Category: Portland

Officially a teenager: Silicon Florist turns 13 years old

In some ways, what’s happening right now is somewhat familiar. The economic downturn. Companies going through layoffs. New forms of inspiration that have folks with creative and entrepreneurial minds pondering new ideas and solutions. Making the best of a bad situation.

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If you’re building a software, hardware, or consumer product startup, PIE would like you to apply. Like right now.

If surviving during this pandemic includes your working on something new — or keeping a new startup alive — then you might consider applying for the PIE (Portland Incubator Experiment) startup accelerator. They’re currently accepting applications for Software (SaaS, Web, Mobile), Hardware (Internet of Things, Connected devices, Electronics), and Consumer Product (Food, Beverage, Apparel, Beauty) startups. But you have to act fast. Applications close August 9, 2020.

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Black Founders Matter cuts first check for A Kids Book About

Speaking of new venture capital funds in Portland… Granted everything is pretty grim right now. And energy is hard to come by. Let alone optimism. So when there is a glimmer of something hopeful in the Portland startup community, that seems like something to celebrate. Like Portland’s Black Founders Matter fund making its first investment. In a Black founded Portland startup. And then that news making it into TechCrunch.

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Using the new AngelList “rolling fund” model, a new Portland based early stage venture capital fund emerges

I can confidently say that there will never be enough accessible capital to adequately support entrepreneurs. So we’ll always have that to complain about. But that’s also a massive opportunity. Because there is also plenty of room for new players — and new models — to emerge. And another one just did. From Sahil Lavingia, founder of Gumroad.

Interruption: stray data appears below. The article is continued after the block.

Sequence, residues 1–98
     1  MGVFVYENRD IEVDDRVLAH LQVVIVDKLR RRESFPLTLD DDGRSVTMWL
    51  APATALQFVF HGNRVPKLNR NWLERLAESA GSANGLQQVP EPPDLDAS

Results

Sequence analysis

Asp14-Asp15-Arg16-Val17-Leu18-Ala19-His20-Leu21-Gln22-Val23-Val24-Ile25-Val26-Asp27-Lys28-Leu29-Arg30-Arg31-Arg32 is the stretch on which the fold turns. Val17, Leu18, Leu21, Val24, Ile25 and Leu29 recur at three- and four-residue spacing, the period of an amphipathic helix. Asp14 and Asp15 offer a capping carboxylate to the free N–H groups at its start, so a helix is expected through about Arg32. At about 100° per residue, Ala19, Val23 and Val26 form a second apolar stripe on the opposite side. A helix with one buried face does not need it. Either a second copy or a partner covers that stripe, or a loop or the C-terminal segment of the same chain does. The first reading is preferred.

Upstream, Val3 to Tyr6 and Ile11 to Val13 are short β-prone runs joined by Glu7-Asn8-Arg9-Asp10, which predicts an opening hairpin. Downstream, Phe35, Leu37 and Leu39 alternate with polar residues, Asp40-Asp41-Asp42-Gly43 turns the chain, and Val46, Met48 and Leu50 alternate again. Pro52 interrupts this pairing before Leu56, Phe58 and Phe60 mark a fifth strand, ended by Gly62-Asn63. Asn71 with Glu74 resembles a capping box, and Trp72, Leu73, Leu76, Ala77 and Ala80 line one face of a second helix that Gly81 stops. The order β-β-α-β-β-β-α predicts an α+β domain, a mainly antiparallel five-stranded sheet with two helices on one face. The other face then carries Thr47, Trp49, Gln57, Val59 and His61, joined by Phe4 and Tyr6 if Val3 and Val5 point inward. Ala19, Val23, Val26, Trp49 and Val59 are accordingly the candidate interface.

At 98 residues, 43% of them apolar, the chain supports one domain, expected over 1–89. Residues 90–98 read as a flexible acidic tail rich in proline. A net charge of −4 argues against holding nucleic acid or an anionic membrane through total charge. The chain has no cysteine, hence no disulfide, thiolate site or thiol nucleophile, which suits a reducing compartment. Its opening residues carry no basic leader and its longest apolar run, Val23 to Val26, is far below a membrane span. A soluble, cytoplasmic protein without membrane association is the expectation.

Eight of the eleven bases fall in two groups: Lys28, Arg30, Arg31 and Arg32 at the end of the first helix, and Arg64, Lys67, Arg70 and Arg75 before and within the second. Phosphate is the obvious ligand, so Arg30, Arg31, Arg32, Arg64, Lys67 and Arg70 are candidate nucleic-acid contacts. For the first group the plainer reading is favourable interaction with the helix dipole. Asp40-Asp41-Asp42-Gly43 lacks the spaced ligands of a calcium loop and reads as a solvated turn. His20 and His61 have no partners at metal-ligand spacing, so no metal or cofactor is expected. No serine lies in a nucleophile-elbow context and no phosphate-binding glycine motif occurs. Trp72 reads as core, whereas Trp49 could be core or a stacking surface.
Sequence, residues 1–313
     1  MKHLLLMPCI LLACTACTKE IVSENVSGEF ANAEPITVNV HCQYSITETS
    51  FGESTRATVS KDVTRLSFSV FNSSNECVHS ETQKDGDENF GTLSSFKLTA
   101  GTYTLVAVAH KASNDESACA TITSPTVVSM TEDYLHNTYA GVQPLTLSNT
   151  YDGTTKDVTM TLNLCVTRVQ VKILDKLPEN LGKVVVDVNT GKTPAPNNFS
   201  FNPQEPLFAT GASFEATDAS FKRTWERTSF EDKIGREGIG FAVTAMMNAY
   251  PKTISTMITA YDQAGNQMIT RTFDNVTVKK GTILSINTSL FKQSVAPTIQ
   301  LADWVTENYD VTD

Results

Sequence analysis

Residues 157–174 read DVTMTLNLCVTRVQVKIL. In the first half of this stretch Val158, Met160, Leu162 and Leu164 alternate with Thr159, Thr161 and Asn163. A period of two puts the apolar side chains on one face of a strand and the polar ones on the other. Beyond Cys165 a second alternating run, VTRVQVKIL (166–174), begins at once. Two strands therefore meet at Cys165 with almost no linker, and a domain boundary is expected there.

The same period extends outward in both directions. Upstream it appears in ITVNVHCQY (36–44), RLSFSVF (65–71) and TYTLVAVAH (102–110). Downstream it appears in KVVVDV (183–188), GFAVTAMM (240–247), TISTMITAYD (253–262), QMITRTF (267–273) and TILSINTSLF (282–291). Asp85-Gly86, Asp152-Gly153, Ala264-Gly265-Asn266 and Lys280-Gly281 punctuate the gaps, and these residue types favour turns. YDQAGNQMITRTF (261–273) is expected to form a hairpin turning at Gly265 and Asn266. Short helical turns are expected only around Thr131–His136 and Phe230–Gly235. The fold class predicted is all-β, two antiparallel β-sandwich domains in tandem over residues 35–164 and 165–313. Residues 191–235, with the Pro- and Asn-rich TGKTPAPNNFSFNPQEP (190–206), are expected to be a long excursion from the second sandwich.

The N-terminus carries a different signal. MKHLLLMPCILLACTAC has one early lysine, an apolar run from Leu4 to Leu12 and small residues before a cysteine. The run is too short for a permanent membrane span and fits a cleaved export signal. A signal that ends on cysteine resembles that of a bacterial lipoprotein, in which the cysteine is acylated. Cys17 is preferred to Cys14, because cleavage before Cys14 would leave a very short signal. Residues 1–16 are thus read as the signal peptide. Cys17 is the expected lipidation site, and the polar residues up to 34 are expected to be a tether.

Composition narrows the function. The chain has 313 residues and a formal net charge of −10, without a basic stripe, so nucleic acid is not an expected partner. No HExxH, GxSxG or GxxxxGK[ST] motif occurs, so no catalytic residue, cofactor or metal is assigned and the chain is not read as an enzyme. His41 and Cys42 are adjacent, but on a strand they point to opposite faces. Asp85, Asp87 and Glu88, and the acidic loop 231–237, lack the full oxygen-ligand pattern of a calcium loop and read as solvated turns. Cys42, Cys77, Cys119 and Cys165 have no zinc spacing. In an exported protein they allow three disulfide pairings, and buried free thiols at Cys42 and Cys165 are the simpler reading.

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Startup accelerators are even more important than ever

I’m hearing from a lot of founders that can’t make the commitment to be part of a startup accelerator program. Because it seems like another thing on their plate. Another stressor. Another obligation. And I get it. People are dealing with a lot right now. More than a lot. And this fall is only going to get messier. So why take the chance of applying for a startup accelerator?

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Q&A about The Startup Community Way

In case you missed it, the new startup community book by Brad Feld and Ian Hathaway, The Startup Community Way, was released last week. The Portland startup community got a mention in it. Portland’s Stephen Green sat down with Ian to talk about the book and answer questions from the our community, ahead of its release. Brad makes a guest appearance, as well.

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Portland Seed Fund and Starve Ups alum 4-tell acquired

Over the last thirteen years, I’ve had the opportunity to write about a lot of Portland startups. A lot. And sometimes, despite my best intentions, those startups fall off of my RADAR. So it’s always nice to see them pop back up again with good news. Like Portland startup 4-tell. Which has been acquired by Searchspring.

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Who should you be dating? Your friends — even those already in a relationship — probably have a Reco

Remember when you used to see friends in person? I realize it’s a bit foggy. But think back. And remember when — if you were single — those friends would always try to set you up with promising potential dates? That’s kinda the concept behind Portland startup Reco.

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Portland startup MilkRun featured in Forbes

It’s always nice to see Portland startups getting the attention they deserve. Especially when those startups are working on solutions for signifiant problems. Like Portland startup MilkRun, a company that is rethinking the way food systems work to make them more sustainable, equitable, and healthy. Forbes recently took notice of these efforts.

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REMINDER: Learn more about what startups need to know about accessibility

When folks are building new things, they have a tendency to build them from their own perspective. And with that, comes the danger of building something that is inaccessible for part — if not all — of the target market they’re looking to serve. That’s why it’s never too early to think about accessibility, so that products are available to and usable by the broadest user base possible.

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